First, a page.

While market cap is a valuable measurement, it has some limitations when it comes to determining the true size and worth of a company. Enterprise value is a holistic measure of a business’s worth that includes all aspects of its capital structure, including cash and debt.

The formula used to calculate a company’s enterprise value is easy : current shareholder price (market cap) plus the total of short- and long-term debt, plus the total of all preferred shares and minority interests plus cash and cash equivalents. Enterprise value is commonly used when comparing companies in the same industry and is the primary driver behind valuation multiples like EBITDA/EV and EV/Sales.

Large corporations and investors looking to take over a new company rely on EV as it provides a comprehensive, theoretical calculation of a business’s worth in the market. It also has a few major differences from market cap, which is that it’s not subject to fluctuations in trading trends.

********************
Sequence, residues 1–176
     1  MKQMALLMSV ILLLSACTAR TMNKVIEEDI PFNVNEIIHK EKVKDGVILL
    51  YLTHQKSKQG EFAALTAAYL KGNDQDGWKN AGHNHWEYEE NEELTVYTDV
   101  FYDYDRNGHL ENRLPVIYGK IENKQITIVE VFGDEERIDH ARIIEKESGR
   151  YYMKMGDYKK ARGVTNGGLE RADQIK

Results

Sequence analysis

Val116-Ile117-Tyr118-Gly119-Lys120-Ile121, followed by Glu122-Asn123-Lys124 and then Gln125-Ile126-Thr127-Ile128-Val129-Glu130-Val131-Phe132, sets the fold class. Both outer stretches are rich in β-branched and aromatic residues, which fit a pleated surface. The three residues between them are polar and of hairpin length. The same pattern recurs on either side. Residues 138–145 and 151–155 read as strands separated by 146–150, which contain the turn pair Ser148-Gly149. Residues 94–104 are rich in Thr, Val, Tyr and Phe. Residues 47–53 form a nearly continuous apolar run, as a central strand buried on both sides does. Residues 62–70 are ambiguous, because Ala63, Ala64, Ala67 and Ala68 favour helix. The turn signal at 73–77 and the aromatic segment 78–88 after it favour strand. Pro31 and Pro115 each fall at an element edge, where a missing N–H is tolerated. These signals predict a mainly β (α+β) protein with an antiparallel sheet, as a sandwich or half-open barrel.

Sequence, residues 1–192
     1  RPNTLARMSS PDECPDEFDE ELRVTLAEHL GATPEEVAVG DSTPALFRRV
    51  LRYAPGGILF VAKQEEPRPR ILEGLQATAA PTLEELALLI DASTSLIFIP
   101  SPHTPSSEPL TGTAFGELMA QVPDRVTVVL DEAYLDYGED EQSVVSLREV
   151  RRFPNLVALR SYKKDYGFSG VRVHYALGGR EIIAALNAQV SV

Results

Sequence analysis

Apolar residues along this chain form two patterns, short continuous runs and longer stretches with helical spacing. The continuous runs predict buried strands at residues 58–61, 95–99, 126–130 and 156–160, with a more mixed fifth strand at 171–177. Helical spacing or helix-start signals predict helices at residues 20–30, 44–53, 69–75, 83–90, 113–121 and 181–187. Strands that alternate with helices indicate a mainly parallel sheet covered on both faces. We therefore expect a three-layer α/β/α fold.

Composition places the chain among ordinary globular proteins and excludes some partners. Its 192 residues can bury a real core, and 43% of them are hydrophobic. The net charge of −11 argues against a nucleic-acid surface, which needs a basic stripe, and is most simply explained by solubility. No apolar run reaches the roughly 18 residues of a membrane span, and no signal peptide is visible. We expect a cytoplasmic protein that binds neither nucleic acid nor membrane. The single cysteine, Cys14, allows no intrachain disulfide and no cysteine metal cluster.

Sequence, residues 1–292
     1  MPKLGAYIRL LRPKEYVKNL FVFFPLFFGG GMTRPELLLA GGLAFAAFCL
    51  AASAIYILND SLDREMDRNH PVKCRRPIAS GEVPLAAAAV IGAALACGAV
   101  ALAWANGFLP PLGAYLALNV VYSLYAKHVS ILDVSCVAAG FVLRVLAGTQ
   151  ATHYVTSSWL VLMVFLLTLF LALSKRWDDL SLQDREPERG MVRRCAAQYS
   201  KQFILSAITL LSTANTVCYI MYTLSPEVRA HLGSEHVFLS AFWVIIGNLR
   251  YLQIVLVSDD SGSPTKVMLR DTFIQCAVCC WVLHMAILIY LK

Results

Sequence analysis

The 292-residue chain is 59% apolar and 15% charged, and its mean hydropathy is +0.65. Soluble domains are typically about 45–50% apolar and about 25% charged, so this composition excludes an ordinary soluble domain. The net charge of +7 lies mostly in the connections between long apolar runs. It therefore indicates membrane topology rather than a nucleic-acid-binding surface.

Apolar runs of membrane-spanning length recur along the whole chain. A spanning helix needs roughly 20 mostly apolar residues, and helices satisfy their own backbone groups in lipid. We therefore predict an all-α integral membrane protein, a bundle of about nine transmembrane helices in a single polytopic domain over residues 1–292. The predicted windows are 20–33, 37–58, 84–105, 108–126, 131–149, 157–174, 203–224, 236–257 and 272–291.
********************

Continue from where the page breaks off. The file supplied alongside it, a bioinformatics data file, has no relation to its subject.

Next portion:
In addition, market cap is typically used for categorizing companies into brackets like small-cap or mid-cap, EV isn’t. However, both can provide valuable information for entrepreneurs and investors in assessing the potential of a business to expand its reach in the marketplace. Enterprise value will ultimately help investors to identify risks like debt in relation to the cash available. It will also reveal a company’s ability to generate profits in relation to the capital in the bank. This is particularly important when a company has an enormous amount of debt to equity.

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